Making a Living
This weekend I was invited to attend a group think at an Eco-Lodge in the New Forest on how we might ‘teach’ sustainability in the business schools. With duly packed sleeping bag and my contribution to the breaking of bread, I set off pondering what is a sustainable business … exactly?
A few weeks ago Mark Blunden piqued my interest in a triage model with his presentation at KM4B entitled Our Common Future
The Brundtland Report, published 25 years ago, described sustainability as a three-legged stool with people, planet and profit taking equal importance in the equation. Mark asked us to reconsider our common future in 2013 and how we might apply six essential characteristics to our businesses in relation to the local – economy, population and environment.
It was really interesting to discover the majority of people discussed their personal impact on the environment … and yet there are two other aspects to making a business model sustainable. In particular, all of us has to make a living, we require food and shelter just to survive; to enjoy our lives we need to belong, feel good, then to be challenged and to be able to give back. The majority of us are in the service industry and therefore no longer work the land, or manufacture or produce. Therefore, I’d like to focus on the economic element. Whether we like it or not, the exchange mechanism for goods and services is financial. Assuming the Bank of England doesn’t print more money, the growth model can only work for 50% of the business population.
There will be winners depending on how each satisfies a market desire and how well it communicates that; therefore there must also be losers. What goes up must go down elsewhere. You might want to consider this in terms of UK PLC and the rest of the world. If we do nothing different then the natural resources will have all but been consumed resulting in the death of the capitalist society. There are not the resources to maintain it.
If we study the historical models used in the educational sector for business growth, we see that business, economies and societies grow the point where they will either fail entirely or shrink. The vision of a no growth economy however is beyond the practical comprehension of most.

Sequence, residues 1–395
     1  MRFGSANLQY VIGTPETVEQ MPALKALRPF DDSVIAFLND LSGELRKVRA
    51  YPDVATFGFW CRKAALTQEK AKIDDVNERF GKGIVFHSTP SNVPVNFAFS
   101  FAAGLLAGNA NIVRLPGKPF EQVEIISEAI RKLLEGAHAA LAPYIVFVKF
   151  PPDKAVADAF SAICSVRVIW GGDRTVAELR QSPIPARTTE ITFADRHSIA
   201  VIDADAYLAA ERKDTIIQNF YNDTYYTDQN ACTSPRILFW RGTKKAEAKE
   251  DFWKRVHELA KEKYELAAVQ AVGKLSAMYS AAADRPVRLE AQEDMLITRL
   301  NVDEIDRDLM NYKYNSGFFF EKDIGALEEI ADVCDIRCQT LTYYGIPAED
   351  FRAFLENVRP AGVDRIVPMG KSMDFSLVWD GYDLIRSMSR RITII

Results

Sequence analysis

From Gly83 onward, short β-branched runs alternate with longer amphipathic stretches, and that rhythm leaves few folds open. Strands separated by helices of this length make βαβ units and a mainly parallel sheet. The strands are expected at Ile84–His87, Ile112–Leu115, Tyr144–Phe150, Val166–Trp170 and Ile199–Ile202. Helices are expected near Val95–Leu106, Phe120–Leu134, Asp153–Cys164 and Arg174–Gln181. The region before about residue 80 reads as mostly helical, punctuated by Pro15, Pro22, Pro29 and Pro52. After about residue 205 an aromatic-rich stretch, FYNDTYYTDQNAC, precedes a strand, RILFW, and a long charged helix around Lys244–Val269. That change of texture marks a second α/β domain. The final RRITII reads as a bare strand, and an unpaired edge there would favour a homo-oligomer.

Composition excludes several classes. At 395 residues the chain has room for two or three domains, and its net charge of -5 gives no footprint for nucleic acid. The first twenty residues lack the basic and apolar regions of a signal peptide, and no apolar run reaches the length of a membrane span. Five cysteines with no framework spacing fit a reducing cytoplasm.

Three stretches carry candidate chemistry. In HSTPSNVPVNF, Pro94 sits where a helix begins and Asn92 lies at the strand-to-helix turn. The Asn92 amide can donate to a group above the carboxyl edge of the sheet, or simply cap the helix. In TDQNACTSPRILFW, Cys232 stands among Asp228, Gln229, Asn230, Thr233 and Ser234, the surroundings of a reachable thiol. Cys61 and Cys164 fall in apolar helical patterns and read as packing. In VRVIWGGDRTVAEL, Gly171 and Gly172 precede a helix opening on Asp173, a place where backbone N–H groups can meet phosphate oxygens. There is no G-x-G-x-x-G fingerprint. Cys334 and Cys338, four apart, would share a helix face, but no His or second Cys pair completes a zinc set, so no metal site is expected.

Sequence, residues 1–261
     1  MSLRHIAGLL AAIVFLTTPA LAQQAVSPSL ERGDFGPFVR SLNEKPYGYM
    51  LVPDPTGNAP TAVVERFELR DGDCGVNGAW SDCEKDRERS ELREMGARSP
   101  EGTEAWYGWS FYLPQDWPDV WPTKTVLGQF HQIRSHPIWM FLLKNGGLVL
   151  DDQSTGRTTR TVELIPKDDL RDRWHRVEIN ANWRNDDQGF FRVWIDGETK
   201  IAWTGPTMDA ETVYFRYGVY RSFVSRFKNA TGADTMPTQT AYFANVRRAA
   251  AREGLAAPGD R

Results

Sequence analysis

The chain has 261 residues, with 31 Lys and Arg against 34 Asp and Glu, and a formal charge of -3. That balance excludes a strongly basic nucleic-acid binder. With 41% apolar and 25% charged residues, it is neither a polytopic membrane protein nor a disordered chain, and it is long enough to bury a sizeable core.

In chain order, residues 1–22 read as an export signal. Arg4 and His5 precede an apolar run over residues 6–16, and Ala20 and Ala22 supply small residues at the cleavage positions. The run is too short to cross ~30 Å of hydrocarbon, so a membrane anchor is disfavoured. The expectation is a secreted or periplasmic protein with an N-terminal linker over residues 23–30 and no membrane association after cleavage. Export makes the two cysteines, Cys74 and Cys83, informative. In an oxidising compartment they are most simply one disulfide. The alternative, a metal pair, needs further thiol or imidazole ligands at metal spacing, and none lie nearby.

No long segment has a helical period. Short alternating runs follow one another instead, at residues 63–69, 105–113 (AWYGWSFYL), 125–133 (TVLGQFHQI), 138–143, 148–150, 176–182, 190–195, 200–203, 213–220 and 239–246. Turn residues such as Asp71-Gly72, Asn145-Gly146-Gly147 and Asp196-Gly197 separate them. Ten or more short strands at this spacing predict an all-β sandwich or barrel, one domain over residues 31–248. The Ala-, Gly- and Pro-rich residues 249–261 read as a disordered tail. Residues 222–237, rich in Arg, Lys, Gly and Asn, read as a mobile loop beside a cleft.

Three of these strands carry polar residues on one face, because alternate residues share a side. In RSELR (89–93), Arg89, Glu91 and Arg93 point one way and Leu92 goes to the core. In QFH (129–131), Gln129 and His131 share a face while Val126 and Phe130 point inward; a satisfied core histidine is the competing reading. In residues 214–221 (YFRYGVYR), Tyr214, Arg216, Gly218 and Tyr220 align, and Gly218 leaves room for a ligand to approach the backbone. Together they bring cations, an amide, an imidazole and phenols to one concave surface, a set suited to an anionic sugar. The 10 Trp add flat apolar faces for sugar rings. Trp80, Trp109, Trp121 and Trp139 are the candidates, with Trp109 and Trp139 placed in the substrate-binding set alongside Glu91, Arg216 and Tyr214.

1. Without growth there can be no interest on monies invested. The present economy runs on interest payments or collapses as we have seen recently.
2. Without growth monies lent to build would be without return and therefore without increasing the wealth of the lender.
3. Without growth how might we provide for old age if there is no returns on investments made?
“This involves an utterly different world view and driving mechanism. Such a society would have to find another way to ensure innovation, entrepreneurial initiative and risk taking when people can’t look forward to getting richer from their efforts. http://www.paecon.net/PAEReview/issue57/Trainer57.pdf
Can we start with embracing the Lean Start Up programmes (activities that micro businesses have been using for years) rather than stoically stick to sharing the successes of the big brand businesses that will at some point use up the resources?
Can we start with endorsing work that companies like B-Corp are doing?
Can we start with celebrating great examples of not for profit community projects and charities?
Can we start with approving and following the Giving Pledge?
I’d like to finish with a powerful Pause for Thought from the Rev Ruth Scott; ‘when you’re standing on the edge of a precipice, a step back is a sign of wisdom not weakness.’